The voltage drop due to the inductive reactance of coil 3 will lead the drop due to resistance of this coil by 900 and is represented by IiX3. The drop due to resistance 14 will be in phase with the current I, and is represented by IR14 parallel to IR3. The drop due to the inductive reactance of coil 3' will lead the current II by 90° and is represented by IiX3', whereas the resistance drop due to this coil is represented by I1R3' parallel to 11R3' in phase with the current Ii.

As long as the instrument is not subjected to an acceleration, which causes bar 4 to be displaced with respect to the coils, the output voltage across leads 18 is fixed and its value is determined by the adjustment of sliders 14' and 19'.

This voltage may be made equal to zero if the instrument is to be used for indicating accelerations in one direction only, whereas if the instrument is to be used for measuring accelerations in opposite directions, this voltage should have at least as great a value as the maximum voltage change produced by the accelerations measured.

Since a change in acceleration is assumed to produce a change in the inductance only of coils 3, 3' and hence a change in the reactive voltage drops across these coils, the vector representing the unbalance or output voltage of the instrument should be parallel to the reactance voltage vectors I1X3 and 11X3'. Thus, assuming that Vi represents the output voltage obtained with given initial positions of the sliders 14' and 19', to obtain an output voltage in the correct phase relation it is merely necessary to shift slider 14' while keeping slider 19' fixed until the minimum voltage output is obtained showing that the phase of this voltage extends along dotted line 22 parallel to IXs3 and IiX3,, the magnitude of the voltage being represented by V. If sliders 14' and 19' 00 are now moved together at the proper rates, the magnitude of the output or unbalanced voltage V can be varied while keeping its phase angle constant. By adjusting resistor 20, and thereby adjusting the magnitude of the voltage drop 05 ILR14, this condition can be fulfilled when sliders 14' and 19' travel across their respective resistance windings at equal rates.

Any acceleration to which the instrument is subjected by displacing bar 4 and differentially changing the inductances of coils 3 and 3', will cause changes in V proportional thereto, thereby causing the acceleration indicator 22 to correspondingly indicate the magnitude of such acceleration or changes thereof. Slightly modified forms of bridge circuits whic may be used in connection with the accelerome ter are shown in Figs. 5 and 6, parts of thes figures corresponding to similar parts of Fig. being similarly numbered. In ig. 5 the initi adjustment of the instrument circuit is obtaine by adjusting resistor 13 and slider 4'. In Fig. capacitors 23, 23' and resistance 24 are employe( for completing the bridge, the coils 3, 3' bein arranged in different branches of the bridge.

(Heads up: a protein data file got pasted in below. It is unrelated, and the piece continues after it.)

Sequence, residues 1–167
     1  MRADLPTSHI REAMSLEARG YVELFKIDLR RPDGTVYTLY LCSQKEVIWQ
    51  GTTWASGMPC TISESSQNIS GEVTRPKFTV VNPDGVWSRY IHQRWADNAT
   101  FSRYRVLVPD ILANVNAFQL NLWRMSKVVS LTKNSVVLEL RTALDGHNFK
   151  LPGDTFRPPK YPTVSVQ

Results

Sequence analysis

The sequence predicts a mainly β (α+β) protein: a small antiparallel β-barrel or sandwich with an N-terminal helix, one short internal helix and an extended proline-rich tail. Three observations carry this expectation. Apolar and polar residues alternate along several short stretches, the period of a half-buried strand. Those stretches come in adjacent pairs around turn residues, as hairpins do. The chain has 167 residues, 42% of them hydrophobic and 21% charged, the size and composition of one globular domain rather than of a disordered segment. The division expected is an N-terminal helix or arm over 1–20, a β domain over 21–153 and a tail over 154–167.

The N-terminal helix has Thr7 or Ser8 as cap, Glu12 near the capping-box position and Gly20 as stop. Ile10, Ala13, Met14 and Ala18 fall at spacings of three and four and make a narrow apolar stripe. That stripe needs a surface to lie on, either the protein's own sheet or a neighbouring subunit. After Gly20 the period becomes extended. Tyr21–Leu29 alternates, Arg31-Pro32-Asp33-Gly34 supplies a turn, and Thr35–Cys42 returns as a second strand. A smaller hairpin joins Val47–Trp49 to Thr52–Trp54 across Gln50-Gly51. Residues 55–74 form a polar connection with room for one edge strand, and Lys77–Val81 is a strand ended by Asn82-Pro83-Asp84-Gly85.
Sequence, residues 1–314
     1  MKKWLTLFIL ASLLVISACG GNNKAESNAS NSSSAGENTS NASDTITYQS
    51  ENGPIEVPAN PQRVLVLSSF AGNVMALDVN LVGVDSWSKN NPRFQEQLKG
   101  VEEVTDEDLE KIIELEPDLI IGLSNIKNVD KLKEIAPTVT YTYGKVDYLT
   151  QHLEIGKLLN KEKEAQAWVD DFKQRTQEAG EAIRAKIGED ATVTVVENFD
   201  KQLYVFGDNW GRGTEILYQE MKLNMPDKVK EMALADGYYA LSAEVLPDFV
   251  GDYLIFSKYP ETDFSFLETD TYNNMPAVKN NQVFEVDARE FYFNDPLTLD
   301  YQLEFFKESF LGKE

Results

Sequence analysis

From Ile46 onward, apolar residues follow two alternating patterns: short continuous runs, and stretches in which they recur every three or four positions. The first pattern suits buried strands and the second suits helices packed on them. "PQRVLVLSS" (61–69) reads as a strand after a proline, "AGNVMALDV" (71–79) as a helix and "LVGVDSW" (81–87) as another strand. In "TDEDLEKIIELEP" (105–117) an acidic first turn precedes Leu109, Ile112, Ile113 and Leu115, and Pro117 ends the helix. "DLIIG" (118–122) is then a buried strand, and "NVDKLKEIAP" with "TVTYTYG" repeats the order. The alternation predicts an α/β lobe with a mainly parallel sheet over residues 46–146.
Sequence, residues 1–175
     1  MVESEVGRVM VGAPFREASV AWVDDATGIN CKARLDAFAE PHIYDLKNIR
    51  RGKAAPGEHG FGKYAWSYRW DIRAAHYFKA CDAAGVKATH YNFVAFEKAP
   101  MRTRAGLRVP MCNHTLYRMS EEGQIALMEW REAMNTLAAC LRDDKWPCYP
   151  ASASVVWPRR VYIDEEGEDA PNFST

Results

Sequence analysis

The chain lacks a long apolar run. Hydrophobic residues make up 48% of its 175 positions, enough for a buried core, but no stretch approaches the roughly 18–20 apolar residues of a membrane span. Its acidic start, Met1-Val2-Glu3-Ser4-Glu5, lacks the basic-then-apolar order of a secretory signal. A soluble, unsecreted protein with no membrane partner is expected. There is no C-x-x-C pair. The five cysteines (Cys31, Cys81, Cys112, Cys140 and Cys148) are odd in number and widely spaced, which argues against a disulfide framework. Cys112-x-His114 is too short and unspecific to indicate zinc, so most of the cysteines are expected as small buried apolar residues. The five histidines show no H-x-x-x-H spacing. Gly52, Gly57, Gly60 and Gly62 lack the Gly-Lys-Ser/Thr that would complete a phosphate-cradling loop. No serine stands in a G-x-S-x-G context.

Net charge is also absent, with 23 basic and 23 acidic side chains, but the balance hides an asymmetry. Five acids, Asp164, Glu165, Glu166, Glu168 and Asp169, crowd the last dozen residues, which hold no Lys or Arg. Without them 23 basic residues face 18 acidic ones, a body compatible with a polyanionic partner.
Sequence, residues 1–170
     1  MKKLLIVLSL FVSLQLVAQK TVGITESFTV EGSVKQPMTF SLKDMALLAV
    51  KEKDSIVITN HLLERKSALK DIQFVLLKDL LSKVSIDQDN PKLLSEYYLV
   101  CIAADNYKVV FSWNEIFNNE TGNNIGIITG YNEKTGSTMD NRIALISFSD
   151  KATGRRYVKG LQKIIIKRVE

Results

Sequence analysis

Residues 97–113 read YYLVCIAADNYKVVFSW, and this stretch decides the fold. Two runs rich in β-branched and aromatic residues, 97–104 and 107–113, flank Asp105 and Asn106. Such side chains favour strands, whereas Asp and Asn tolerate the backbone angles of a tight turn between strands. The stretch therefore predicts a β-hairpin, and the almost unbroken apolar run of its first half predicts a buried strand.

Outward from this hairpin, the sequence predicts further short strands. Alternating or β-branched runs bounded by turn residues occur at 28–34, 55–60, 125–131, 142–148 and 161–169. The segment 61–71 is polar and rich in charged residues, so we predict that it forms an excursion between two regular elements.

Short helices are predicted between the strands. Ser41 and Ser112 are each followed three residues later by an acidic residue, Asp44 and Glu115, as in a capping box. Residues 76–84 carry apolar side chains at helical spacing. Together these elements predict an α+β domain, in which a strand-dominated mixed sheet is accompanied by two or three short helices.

In some instances, it is advisable to measur, not a single acceleration but the sum or differ ence of two different accelerations. A bridge cir cuit arrangement for accomplishing this resul 5 is shown in Fig. 7 wherein the coils 3, 3' of on accelerometer are arranged in one branch of the bridge circuit and coils 39, 36' of another accel. erometer are arranged in the other branch of the bridge circuit. Variable resistances 25 and 25 2are employed for adjusting the phase of coils 39 30' to correspond to that of. coils,, 3'. With this arrangement, the Indicator will give the sum or difference of the accelerations measured by the two accelerometers sed, depending on how the terminals of the accelerometer are connected in the bridge circuit.

In Fig. 8 a somewhat modified circuit arrangement is used wherein coils 2O and 26' supplied Srom source T, 1,' are inductively related to coils 0 and 3' and serve to induce equal opposing voltages in coils 6, 3' so that meter 22 reads zero under conditions of zero acceleration. However when an acceleration takes place, the inductive 5 reactances of coils 3, 3' change oppositely, thereby upsetting this balanced condition and causing indicator 22 to show the magnitude of the acceleration.

When it is desired to record the accelerations indicated by the accelerometer, it may be desir4- able to employ a D. C. output. Such an arrangement is shown in Fig. 9 wherein the accelerometer bridge 21 is shown connected through an amplifier 23 and rectifier 29 of the bridge type, which latter rectifies the amplified A. C. output of bridge 2T. The output of rectifier 29 is passed through filter 3 which removes the A. C. ripple and is supplied to an electromagnetic oscillograph mirror galvanometer 32 that serves to deflect a light beam from a source ',, which deflected beam is used to produce a photographic record of the accelerations measured on the film N.